Johnson v. Eisentrager
Annotate this Case
339 U.S. 763 (1950)
U.S. Supreme Court
Johnson v. Eisentrager, 339 U.S. 763 (1950)
Johnson v. Eisentrager
Argued April 17, 1950
Decided June 5, 1950
339 U.S. 763
Respondents, who are nonresident enemy aliens, were captured in China by the United States Army and tried and convicted in China by an American military commission for violations of the laws of war committed in China prior to their capture. They were transported to the American-occupied part of Germany and imprisoned there in the custody of the Army. At no time were they within the territorial jurisdiction of any American civil court. Claiming that their trial, conviction, and imprisonment violated Articles I and III, the Fifth Amendment, and other provisions of our Constitution, laws of the United States, and provisions of the Geneva Convention, they petitioned the District Court for the District of Columbia for a writ of habeas corpus directed to the Secretary of Defense, the Secretary of the Army, and several officers of the Army having directive power over their custodian.
1. A nonresident enemy alien has no access to our courts in wartime. Pp. 339 U. S. 768-777.
(a) Our law does not abolish inherent distinctions recognized throughout the civilized world between citizens and aliens, nor between aliens of friendly and enemy allegiance, nor between resident enemy aliens who have submitted themselves to our laws and nonresident enemy aliens who at all times have remained with, and adhered to, enemy governments. P. 339 U. S. 769.
(b) In extending certain constitutional protections to resident aliens, this Court has been careful to point out that it was the aliens' presence within its territorial jurisdiction that gave the Judiciary power to act. P. 339 U. S. 771.
(c) Executive power over enemy aliens, undelayed and unhampered by litigation, has been deemed, throughout our history, essential to wartime security. P. 339 U. S. 774.
(d) A resident enemy alien is constitutionally subject to summary arrest, internment, and deportation whenever a "declared war" exists. Courts will entertain his plea for freedom from executive custody only to ascertain the existence of a state of war and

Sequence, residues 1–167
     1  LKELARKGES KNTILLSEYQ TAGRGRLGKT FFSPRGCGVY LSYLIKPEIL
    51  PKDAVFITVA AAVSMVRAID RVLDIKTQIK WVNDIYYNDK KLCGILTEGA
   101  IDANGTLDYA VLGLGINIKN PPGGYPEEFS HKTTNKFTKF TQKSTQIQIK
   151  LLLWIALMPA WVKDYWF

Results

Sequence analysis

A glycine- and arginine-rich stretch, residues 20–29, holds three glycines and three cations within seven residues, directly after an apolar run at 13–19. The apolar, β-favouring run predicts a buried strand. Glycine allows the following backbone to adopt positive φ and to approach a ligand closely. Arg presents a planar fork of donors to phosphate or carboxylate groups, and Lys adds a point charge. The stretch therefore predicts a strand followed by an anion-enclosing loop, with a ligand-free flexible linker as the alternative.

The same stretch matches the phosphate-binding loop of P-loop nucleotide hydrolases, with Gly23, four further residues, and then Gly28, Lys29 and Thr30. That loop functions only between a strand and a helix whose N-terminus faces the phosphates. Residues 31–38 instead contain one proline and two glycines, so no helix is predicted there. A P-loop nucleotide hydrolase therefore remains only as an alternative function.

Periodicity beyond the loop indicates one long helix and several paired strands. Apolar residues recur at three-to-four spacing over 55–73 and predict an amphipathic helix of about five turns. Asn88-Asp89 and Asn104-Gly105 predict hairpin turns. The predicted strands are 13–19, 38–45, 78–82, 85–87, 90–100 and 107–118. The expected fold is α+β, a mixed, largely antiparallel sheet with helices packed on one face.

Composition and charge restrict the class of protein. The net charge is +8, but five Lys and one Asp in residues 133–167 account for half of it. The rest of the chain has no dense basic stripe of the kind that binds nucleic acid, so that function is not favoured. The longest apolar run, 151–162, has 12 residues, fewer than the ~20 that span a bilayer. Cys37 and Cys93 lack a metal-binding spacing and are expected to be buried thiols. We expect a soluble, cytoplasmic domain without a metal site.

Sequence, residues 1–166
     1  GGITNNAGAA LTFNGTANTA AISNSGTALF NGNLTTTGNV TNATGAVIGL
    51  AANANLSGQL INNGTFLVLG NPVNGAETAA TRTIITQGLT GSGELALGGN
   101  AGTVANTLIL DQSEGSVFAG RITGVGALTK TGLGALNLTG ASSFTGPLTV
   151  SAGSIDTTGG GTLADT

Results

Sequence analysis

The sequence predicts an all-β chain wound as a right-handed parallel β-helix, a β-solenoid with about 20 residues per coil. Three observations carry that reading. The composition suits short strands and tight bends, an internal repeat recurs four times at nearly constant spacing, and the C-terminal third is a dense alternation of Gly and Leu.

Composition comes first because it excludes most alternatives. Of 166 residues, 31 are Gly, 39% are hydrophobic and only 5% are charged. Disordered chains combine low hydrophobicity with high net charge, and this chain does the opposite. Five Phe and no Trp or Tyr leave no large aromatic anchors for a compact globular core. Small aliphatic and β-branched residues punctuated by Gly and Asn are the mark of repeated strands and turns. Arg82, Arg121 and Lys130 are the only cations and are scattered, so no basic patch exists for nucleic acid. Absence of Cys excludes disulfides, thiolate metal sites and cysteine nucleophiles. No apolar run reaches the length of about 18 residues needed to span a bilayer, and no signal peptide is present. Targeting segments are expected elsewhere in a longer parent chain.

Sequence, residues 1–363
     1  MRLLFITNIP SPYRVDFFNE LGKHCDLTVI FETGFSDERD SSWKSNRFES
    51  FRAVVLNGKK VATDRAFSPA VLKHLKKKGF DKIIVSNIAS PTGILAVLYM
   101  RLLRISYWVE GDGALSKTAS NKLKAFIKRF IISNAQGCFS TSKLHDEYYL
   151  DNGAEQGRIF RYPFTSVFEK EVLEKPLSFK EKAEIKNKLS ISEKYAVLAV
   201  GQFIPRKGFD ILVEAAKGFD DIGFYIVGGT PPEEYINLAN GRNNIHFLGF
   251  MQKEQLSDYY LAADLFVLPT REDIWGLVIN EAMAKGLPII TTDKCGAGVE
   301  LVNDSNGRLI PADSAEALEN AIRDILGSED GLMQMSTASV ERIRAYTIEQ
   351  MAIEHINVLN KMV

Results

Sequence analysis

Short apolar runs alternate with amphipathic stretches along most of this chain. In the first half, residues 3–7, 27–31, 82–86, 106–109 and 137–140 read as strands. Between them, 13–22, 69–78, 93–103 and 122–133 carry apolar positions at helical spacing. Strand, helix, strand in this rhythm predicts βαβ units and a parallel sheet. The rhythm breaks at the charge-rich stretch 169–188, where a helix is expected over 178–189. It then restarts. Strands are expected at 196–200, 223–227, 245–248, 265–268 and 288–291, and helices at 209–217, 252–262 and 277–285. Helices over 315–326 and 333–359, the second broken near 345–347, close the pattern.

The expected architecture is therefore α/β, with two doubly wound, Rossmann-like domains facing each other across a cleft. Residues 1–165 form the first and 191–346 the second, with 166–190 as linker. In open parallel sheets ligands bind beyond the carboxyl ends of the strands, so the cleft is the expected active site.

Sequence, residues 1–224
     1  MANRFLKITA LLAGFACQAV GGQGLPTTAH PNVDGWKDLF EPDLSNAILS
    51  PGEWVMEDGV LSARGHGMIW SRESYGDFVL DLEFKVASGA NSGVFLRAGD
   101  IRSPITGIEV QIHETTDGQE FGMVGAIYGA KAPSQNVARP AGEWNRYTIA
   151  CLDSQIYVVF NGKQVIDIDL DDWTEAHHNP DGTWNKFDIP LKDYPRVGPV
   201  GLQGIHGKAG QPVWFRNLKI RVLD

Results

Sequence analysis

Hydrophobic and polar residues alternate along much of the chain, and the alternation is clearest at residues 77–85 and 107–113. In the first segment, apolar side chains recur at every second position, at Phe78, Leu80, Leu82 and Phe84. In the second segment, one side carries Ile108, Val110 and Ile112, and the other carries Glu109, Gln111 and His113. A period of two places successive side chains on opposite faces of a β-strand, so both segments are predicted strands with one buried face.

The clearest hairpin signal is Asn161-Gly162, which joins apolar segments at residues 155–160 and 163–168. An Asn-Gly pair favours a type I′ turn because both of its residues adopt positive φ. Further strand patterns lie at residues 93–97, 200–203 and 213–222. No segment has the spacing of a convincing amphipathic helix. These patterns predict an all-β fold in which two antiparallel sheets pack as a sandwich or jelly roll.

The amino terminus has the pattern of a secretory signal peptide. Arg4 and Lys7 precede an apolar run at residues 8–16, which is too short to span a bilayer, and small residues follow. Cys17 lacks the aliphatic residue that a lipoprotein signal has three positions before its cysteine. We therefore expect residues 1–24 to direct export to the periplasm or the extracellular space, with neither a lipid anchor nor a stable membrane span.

whether he is an alien enemy. Once these jurisdictional facts have been determined, courts will not inquire into any other issue as to his internment. P. 339 U. S. 775.
(e) A nonresident enemy alien, especially one who has remained in the service of the enemy, does not have even this qualified access to our courts. P. 339 U. S. 776.
2. These nonresident enemy aliens, captured and imprisoned abroad, have no right to a writ of habeas corpus in a court of the United States. Ex parte Quirin, 317 U. S. 1; In re Yamashita, 327 U. S. 1, distinguished. Pp. 339 U. S. 777-781.
3. The Constitution does not confer a right of personal security or an immunity from military trial and punishment upon an alien enemy engaged in the hostile service of a government at war with the United States. Pp. 339 U. S. 781-785.
(a) The term "any person" in the Fifth Amendment does not extend its protection to alien enemies everywhere in the world engaged in hostilities against us. Pp. 339 U. S. 782-783.
(b) The claim asserted by respondents and sustained by the court below would, in practical effect, amount to a right not to be tried at all for an offense against our armed forces. P. 339 U. S. 782.
4. The petition in this case alleges no fact showing lack of jurisdiction in the military authorities to accuse, try, and condemn these prisoners, or that they acted in excess of their lawful powers. Pp. 339 U. S. 785-790.
(a) The jurisdiction of military authorities, during or following hostilities, to punish those guilty of offenses against the laws of war is long established. P. 339 U. S. 786.
(b) It being within the jurisdiction of a military commission to try these prisoners, it was for it to determine whether the laws of war applied, and whether they had been violated. Pp. 339 U. S. 786-788.
(c) It is not the function of the Judiciary to entertain private litigation -- even by a citizen -- which challenges the legality, wisdom, or propriety of the Commander in Chief in sending our armed forces abroad or to any particular region. P. 339 U. S. 789.
(d) Nothing in the Geneva Convention makes these prisoners immune from prosecution or punishment for war crimes. P. 339 U. S. 789.
(e) Article 60 of the Geneva Convention, requiring that notice of trial of prisoners of war be given to the protecting power, is inapplicable to trials for war crimes committed before capture. Pp. 339 U. S. 789-790.
(f) Article 63 of the Geneva Convention, requiring trial of prisoners of war "by the same courts and according to the same
procedure as in the case of persons belonging to the armed forces of the detaining Power," is likewise inapplicable to trials for war crimes committed before capture. P. 339 U. S. 790.
5. Since there is no basis in this case for invoking federal judicial power, it is not necessary to decide where, if the case were otherwise, the petition should be filed. Pp. 339 U. S. 790-791.
84 U.S.App.D.C. 396, 14 F.2d 961, reversed.
The District Court dismissed a petition for a writ of habeas corpus to inquire into the confinement of respondents by the United States Army in occupied Germany. The Court of Appeals reversed. 84 U.S.App.D.C. 396, 174 F.2d 961. This Court granted certiorari. 338 U.S. 877. Reversed, p. 339 U. S. 791.
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